In the first week, during the onset of the disease, the wollastonite treatment consistently ranked as having the fewest number of powdery mildew lesions on pumpkin leaves (Table 2 and Table 3). The percent leaf area covered by powdery mildew tended to be lowest for wollastonite. As Si concentration increased in the plant, powdery mildew development as measured by AUDPC value decreased, suggesting that increasing Si uptake had some effect on decreasing powdery mildew development (R2 = 0.49) (Figure 2). The treatments that were effective at increasing plant uptake of Si tended to confer the greatest benefits on younger plants and with diminishing effectiveness with plant age.

4. Discussion and Conclusions

This study demonstrates that wollastonite is both an effective liming material and an effective source of plant available Si. Of the various Si sources, wollastonite tends to be better for enhancing Si uptake by pumpkin plants and for offering more protection from powdery mildew disease. CaMg Silicate Slag also tended to be effective in this regard but it did not reach the level of statistical significance. MontanaGrow™, wood ash, and glacial rock flour did little to improve Si uptake or suppress powdery mildew disease on pumpkin. Wood ash increased soil pH and supplied an abundance of K but little Si.
A short term greenhouse study may not allow for the disease suppression responses to be translated in pumpkin vein biomass yield. However, in full season field research suppression of early season powdery mildew disease development in association with Si uptake has been shown to be reflected in a pumpkin fruit yield increase in previous work [8].
Organic growers need to check with their certifier before applying questionable amendments to certified farmland. MontanaGrow™, might appeal to organic growers because it is an OMRI listed product, but the current study does not indicate that this is an effective source of Si nor effective as a liming material. It may, however, have other values as a soil amendment. The practical findings from this research suggest that organic growers could use wollastonite as a soil amendment and liming material to achieve multiple benefits for pumpkin production. Potential benefits of applying wollastonite to soil include delayed onset of powdery mildew disease, increased yield, and improved soil fertility. The use of wollastonite for pumpkin production may be a better value than limestone in that they may provide more agronomic benefits. Besides the initial crop being grown, there may be residual benefits from the applied Si to other crops following in the rotation. Long term field studies would be needed to evaluate the residual benefits of Si soil amendments. On acid soils, a dual purpose Si fertilizer/liming agent may also improve the economics of Si fertilization.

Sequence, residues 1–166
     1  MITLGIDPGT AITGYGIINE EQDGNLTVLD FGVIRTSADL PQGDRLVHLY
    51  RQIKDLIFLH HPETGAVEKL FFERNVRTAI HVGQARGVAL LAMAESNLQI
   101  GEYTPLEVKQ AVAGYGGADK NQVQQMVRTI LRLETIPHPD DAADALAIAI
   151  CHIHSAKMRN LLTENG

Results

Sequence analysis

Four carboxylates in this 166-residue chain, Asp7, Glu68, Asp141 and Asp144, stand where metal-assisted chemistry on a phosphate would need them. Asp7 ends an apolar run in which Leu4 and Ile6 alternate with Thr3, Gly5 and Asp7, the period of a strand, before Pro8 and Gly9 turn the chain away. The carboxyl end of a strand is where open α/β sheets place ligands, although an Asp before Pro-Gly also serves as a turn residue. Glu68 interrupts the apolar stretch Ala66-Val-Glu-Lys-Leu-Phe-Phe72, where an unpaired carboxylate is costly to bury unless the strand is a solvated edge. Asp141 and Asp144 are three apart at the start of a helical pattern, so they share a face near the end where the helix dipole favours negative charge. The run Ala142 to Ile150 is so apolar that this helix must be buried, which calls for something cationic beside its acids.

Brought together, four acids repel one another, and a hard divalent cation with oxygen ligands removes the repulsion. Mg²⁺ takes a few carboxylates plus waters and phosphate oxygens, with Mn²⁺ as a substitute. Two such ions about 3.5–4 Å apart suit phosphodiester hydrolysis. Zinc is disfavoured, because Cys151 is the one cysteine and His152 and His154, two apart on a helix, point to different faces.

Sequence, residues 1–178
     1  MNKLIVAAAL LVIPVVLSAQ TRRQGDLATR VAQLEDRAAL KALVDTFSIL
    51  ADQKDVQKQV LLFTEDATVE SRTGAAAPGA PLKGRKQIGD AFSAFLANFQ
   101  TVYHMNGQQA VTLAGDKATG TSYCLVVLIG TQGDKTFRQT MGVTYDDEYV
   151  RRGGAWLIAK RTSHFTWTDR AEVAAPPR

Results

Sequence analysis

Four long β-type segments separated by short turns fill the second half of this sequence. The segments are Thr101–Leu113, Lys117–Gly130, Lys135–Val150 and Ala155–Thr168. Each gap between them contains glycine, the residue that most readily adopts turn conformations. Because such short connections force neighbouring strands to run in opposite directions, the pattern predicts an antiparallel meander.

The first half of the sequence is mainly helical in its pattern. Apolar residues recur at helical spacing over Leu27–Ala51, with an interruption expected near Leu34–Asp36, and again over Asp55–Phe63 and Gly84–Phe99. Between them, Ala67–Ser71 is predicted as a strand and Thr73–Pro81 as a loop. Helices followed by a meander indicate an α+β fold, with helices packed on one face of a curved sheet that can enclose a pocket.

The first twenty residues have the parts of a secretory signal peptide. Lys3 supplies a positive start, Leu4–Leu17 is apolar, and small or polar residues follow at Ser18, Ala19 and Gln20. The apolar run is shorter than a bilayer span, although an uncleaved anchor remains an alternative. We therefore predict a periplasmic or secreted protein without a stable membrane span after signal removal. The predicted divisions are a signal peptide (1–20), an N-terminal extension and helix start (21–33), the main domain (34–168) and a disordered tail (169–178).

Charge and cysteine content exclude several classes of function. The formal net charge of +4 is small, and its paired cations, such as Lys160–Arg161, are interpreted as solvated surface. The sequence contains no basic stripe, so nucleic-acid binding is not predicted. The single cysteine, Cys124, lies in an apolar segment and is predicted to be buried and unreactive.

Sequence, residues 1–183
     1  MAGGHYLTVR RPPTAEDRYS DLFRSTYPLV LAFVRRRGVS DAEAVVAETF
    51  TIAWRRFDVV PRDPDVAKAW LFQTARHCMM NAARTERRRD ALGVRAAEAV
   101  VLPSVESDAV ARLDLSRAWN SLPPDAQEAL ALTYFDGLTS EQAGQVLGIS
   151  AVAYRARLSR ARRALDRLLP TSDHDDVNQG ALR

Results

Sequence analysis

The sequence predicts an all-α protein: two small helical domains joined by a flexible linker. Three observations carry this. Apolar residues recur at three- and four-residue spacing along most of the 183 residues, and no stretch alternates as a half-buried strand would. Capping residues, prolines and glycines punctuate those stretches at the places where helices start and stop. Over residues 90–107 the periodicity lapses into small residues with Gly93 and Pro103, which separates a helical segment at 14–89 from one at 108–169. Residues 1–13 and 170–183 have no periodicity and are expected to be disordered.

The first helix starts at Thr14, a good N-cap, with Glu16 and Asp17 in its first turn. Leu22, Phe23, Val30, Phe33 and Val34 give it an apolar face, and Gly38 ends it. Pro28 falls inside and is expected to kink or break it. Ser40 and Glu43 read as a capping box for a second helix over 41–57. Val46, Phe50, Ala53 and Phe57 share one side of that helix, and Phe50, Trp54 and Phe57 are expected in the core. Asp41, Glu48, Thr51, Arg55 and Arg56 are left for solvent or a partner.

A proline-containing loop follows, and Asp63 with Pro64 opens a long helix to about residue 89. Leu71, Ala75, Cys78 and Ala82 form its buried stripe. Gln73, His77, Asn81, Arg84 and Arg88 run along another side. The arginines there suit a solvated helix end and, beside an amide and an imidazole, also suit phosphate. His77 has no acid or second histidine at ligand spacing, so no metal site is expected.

We thank the United States Agency for International Development (USAID) for providing the fellowship and research support to the senior author for his Master of Science graduate studies at Rutgers University which was conducted under the Excellence in Higher Education for Liberian Development (EHELD); to the College of Agriculture and Sustainable Development at Cuttington University: and to the Rutgers New Jersey Agricultural Experiment Station.

Author Contributions

J. Lepolu Torlon and Joseph R. Heckman conceived and designed the experiments; J. Lepolu Torlon performed the experiments J. Lepolu Torlon and Christian A. Wyenandt analyzed the data; James E. Simon contributed reagents/materials/analysis tools; J. Lepolu Torlon and Joseph R. Heckman wrote the paper.

Conflict of Interest

The authors declare no conflict of interest.


The following abbreviations are used in this manuscript: